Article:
Mark Twain left us hanging. What happened to Huck Finn? A new sequel to the movie version of Huckleberry Finn could satisfy our curiosity. At the end of the novel, 12-year-old Huck decides he can’t live with Widow Douglas anymore and endure her attempts to civilize him. Huck says, he’s “been there before.” Instead he decides to “light out for the territory.” He runs away.
The territory in the mid-1850s was all of the United States west of the Mississippi except for Texas and California. Like Mark Twain himself, the streetwise and gregarious Huck would shun hard labor on a farm or ranch and head for the bustling city of San Francisco.
Huck doesn’t need to work. He was awarded half of Injun Joe’s gold at the end of The Adventures of Tom Sawyer. Judge Thatcher invested Huck’s $6,000 and pays him a dollar a day in interest. That’s plenty to live on in the 1850s. Huck likes to be around people, he’s observant, and he has a habit of assuming different names and identities. In The Adventures of Huckleberry Finn, Huck introduces himself by five different names and personal histories.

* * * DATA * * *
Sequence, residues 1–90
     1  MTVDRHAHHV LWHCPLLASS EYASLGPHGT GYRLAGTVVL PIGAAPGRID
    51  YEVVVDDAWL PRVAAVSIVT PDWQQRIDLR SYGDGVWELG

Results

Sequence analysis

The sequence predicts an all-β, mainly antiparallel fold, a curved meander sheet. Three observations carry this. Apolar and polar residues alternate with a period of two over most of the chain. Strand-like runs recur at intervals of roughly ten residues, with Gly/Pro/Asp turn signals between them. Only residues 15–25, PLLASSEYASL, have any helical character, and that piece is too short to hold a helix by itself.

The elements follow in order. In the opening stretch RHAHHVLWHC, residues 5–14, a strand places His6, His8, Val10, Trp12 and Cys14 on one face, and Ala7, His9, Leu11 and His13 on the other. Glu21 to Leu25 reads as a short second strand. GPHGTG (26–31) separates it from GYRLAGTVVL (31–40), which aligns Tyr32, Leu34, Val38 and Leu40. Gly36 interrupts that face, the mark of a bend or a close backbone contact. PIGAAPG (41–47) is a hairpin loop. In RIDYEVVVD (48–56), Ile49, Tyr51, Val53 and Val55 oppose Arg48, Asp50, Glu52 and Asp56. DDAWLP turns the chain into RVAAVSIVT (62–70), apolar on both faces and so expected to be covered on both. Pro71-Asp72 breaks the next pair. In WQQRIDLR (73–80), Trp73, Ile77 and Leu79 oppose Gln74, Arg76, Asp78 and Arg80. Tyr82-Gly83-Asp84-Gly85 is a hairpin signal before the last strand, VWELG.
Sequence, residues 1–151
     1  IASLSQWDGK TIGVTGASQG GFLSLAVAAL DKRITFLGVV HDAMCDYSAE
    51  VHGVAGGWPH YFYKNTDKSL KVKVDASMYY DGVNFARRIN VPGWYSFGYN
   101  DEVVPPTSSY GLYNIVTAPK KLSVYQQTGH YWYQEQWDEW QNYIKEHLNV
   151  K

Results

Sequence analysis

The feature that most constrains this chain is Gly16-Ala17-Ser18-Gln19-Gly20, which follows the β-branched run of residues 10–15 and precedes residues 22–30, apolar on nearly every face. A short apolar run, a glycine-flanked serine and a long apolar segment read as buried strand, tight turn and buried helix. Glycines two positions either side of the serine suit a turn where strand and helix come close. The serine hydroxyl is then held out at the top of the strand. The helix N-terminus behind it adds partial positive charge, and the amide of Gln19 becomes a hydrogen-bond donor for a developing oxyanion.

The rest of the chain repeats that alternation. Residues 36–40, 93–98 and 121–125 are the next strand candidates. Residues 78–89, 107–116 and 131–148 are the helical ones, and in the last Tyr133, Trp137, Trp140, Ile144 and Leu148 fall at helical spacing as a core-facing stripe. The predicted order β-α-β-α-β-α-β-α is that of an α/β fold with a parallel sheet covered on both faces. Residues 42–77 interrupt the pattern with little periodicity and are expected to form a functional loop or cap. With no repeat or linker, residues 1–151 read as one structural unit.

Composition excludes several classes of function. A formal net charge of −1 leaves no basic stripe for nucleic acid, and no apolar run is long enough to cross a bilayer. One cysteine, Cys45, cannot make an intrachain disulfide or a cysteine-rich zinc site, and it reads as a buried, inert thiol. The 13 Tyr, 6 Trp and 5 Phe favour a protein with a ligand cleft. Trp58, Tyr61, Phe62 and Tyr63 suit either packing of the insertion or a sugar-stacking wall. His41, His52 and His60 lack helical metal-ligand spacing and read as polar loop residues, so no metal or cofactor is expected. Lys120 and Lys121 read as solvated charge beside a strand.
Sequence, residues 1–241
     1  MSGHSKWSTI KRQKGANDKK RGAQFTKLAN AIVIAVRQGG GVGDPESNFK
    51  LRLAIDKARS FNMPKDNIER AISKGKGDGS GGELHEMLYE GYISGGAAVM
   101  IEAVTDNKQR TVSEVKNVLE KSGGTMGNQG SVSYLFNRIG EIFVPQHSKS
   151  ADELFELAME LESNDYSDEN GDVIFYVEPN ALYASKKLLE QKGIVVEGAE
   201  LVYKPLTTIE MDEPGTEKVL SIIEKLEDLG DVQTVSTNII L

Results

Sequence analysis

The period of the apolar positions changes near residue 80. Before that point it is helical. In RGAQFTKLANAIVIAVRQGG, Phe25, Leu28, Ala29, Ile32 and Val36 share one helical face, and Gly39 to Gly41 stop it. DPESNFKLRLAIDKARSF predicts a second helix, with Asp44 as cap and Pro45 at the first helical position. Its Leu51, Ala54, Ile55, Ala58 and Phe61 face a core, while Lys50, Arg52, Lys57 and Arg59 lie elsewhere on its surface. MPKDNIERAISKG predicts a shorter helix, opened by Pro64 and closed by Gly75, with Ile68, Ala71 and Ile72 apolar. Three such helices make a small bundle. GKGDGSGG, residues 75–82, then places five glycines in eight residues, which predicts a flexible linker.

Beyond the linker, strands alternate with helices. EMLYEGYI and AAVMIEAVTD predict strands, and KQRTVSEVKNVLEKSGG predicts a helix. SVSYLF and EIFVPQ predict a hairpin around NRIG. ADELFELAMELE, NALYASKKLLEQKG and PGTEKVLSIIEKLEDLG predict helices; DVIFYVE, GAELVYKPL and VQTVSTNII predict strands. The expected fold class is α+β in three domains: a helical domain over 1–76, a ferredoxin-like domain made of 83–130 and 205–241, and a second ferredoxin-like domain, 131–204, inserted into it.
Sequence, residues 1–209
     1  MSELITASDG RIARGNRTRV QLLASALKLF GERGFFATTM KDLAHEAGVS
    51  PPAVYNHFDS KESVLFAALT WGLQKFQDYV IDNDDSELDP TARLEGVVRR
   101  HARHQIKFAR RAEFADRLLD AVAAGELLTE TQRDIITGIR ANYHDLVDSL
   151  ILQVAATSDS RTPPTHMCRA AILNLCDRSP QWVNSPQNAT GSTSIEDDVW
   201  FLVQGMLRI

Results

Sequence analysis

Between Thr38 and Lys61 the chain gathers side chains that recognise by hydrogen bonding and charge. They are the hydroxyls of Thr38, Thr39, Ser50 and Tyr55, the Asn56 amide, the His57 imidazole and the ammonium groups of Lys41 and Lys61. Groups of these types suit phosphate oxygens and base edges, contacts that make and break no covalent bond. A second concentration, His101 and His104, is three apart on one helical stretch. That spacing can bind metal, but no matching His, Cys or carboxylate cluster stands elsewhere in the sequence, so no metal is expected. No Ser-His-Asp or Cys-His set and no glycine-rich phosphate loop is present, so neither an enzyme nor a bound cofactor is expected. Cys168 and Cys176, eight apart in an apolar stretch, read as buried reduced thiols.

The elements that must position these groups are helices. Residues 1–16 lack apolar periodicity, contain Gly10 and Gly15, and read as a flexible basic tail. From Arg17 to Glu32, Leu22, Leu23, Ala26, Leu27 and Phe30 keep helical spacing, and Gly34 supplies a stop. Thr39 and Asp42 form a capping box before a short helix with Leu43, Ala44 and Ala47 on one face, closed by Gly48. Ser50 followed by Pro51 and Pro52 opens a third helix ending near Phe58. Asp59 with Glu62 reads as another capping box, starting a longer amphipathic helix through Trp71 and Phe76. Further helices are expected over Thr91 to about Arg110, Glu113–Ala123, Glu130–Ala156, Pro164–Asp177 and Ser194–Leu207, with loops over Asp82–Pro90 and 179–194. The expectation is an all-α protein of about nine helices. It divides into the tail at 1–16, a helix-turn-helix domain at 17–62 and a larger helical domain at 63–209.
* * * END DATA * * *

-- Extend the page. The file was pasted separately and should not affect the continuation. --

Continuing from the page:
As much as he likes to pose as a character, Huck would find acting too demanding. He would have to memorize lines, take direction, and be locked into a schedule. Huck is a free spirit who doesn’t like to be tied down. He needs to be in control of his time and movements. Most of all Huck craves adventure.
So in the sequel, Huck becomes a freelance newspaper reporter in San Francisco like Mark Twain. He ventures down to the harbor, out to the gold mines, and into the redwood forests and Yosemite to find out what’s going on.
Does Huck fall in love and settle down? Maybe . . . in Huck Finn 3!
Download the Study Guide Now: Huckleberry Finn: Movie Version